I almost always leave politics to the experts. Politicians don't really interest me as people - perhaps too reminding of my own flaws. Or maybe because I hardly met a one who was good listener, and that's telling in itself.

I liked John Key (there goes my handful of leftie readers.) Key had no ego getting in the way of his judgments or perception. Politically, he was a pragmatist. I do believe his personal goal was to leave the country in better shape than he found it and he can be proud he did just that.

Gareth Morgan is an interesting bloke. For starters he stands almost alone in New Zealand as one of the biggest philanthropists we've ever known and he doesn't get any credit for this. Like John Key, I think he's a thoroughly good man. But a politician he ain't.

You don't go to Ratana Marae and take on the country's best political street scrapper, Winston Peters, and expect to win. Bad mistake, Gareth. Winston is politics' Jonah Lomu when it comes to a public debate. You take him on at your peril.


Way back, I had my own radio show. I had Winston on as a guest. In my brief, I was told "Flatter him, Duff. Play to his ego, bring up the good things he's said and done. Just don't take him on." We had an excellent half-hour session. In deferring to him, I got what I wanted and he kept face and didn't have to be on the defensive.

I don't agree with Bob Jones' derisory take on Morgan. I think he deserves more than insults. His stance on domestic cats I completely agree with: humans have completely unbalanced the cat/bird eco-system.

One cat killing a couple thousand birds in its lifetime is giving the, uh, bird, to conservation and eco-balance. It takes a brave man to speak out like Gareth did on a subject as cute and fluffy as cats. But therein lies Gareth's problem: poor timing and no finger on the public pulse.

Play us, man. Pander to our biases and - uh again - pet hates and likes. You're not a columnist.

You don't go amongst a bunch of my Maori brethren and not use wit and humour if putting down an opponent.

You should've made them laugh, bro. Like Winston did. Maori love a laugh. Winston's coup de gras in countering Morgan's call for an upper house in Parliament by saying Maori just wanted a house, period, was debate at its best. Some of us remember when the late Paul Holmes had a crack on his show about Winston's drinking. Winston said, "You, of all people, daring to say that." Game, set, match. Jonah of Parliament thundered over the diminutive broadcaster.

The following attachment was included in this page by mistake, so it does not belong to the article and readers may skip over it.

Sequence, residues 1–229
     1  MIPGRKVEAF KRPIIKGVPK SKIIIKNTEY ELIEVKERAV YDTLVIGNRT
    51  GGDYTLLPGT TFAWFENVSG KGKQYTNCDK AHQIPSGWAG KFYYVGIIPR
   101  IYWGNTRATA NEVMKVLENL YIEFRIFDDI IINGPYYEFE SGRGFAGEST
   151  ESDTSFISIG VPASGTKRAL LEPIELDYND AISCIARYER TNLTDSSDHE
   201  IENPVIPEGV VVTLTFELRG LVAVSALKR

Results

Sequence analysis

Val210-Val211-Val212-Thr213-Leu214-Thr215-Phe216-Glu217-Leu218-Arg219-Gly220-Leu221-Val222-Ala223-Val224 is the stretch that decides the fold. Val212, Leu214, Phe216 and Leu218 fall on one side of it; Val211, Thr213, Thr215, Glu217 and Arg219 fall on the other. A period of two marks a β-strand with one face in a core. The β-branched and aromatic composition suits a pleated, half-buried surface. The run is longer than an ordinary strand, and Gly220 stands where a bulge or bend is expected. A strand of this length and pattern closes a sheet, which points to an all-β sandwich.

Bill English does not have much to give the media, cartoonists or satirists. Bill's straight down the middle and, like his predecessor, has no ego worth worrying about; he just wants to get the job done and done well.

Making a late run on the outside - the real outside - is Hone Harawira, who has relinked arms with the Maori Party and is headed for the finish line. That's a mistake. Hone's a street fighter, and no Jonah Lomu of anything but, well, verbal fisticuffs. I reckon the man has nothing to offer Maoridom; though some Maori persist with believing he has. It takes imagination, a lack of envy and burning resentment, to come up with good ideas on how to advance. Harawira appears to me to have none of those qualities.

Your columnist wants nothing more than to see Maori advance. That's not going to happen with any of the current political crop with the exception, I believe, of Kelvin Davis. He's another bloody good man - that rare politician who keeps his word and does what he promises. And I'm no Labour supporter.

But we shouldn't laugh at Gareth Morgan. Many of his ideas are sound. His public delivery leaves a bit to be desired. However, he plays with a straight bat, better than most in those teams of which he's aspiring to become one. It would be better to use his fine brain to come up with ways of getting positive messages to Maori.